I have sold five single family homes in less than ten days on market since the first of May that were professionally staged. The cost of doing so has been from $150 to $800 per property. Everyone of those has sold at the very top of the market, both presently and historically in what is very much a buyer's market. In combination with previewing competing listings, understanding sell-through rates, understanding the level of severe competition a seller has on the market, and storing unnecessary furnishings as a part of that staging process, staging a home works really well. Alone, staging is an expensive silver bullet. It can't make an overpriced home sell faster, it can't create more buyers in a market saturated with supply. It can help a willing buyer make a decision, especially today as it seems that many buyers who don't want to make repairs, likely don't't have a lot of cash, and likely have tons of options to buy. When that's the case, they will recognize a property that they are viewing as superior to it's competition, and therefore, a better value. But they only do that if they view it and it is priced well. Staging is vital, but it isn't "the thing". Staging enhances "value". Correspondingly, it has to work hand in hand with other key marketing functions, most specifically price.
Something I think that's strong for an agent to consider is the rate of homes that DON'T sell in their MLS. In our MLS (Colorado Springs) only 45% of listings taken this year have sold. If 55% have not sold, do you really want to spend your dollars on marketing a property that is under-conditioned and over-priced, or on something that will help the seller actually sell the property, so that you actually get paid? If the average newspaper ad is $100 and you run that for 6 weeks and the home doesn't sell, versus spend $600 on staging it and putting more money in the seller's pocket and you get paid, it seems that it's a good idea. As a business development tool, a seller isn't likely to refer you to future business for the quality of your newspaper ad, but is very likely to refer you for delivering measurable results (like selling it when the majority don't sell, doing so well below market time, and for maximum dollar).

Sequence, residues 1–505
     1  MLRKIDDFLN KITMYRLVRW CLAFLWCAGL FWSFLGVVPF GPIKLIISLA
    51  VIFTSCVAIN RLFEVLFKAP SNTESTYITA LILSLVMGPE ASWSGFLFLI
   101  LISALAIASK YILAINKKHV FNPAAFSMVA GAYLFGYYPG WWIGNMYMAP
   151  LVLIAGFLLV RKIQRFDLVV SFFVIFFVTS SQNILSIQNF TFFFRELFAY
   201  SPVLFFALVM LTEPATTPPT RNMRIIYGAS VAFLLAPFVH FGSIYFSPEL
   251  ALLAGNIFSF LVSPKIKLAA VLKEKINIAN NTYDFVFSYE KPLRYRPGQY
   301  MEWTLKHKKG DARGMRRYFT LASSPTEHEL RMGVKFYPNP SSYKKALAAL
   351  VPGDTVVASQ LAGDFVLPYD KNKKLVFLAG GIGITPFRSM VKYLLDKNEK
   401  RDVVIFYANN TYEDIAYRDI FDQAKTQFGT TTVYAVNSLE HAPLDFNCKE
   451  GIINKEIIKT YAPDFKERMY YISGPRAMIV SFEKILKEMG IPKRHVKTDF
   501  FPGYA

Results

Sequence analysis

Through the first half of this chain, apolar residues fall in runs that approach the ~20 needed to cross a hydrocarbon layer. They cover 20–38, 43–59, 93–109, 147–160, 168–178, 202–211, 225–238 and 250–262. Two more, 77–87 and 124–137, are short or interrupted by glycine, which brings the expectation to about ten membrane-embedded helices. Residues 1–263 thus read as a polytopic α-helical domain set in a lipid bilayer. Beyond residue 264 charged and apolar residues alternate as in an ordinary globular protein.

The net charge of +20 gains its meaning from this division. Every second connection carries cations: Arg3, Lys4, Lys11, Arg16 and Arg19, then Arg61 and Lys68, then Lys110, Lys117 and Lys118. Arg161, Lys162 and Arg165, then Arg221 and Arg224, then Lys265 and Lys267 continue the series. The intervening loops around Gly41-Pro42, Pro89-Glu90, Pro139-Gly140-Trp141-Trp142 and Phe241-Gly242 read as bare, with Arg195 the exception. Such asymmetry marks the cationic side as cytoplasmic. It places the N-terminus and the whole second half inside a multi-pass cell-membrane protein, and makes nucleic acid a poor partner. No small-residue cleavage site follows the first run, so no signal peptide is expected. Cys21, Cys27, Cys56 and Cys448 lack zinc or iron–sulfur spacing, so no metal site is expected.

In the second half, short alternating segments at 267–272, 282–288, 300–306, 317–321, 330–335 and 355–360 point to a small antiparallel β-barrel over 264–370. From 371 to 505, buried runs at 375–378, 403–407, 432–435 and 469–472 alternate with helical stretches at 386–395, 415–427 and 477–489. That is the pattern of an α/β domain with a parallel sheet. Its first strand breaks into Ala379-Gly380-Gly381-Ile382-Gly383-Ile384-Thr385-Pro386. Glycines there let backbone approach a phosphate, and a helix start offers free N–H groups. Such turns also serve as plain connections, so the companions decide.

I've done staging myself of properties, but when it is coordinated by employing a third party, you can more accurately track your expense and the seller seems to buy into the concept with greater enthusiasm, both in practical terms like keeping it looking that way and financial terms by pricing their home more for the buyer's that are looking and less on their improvements and the comments of others that have viewed the home at dinner parties, etc.... but aren't actual buyers.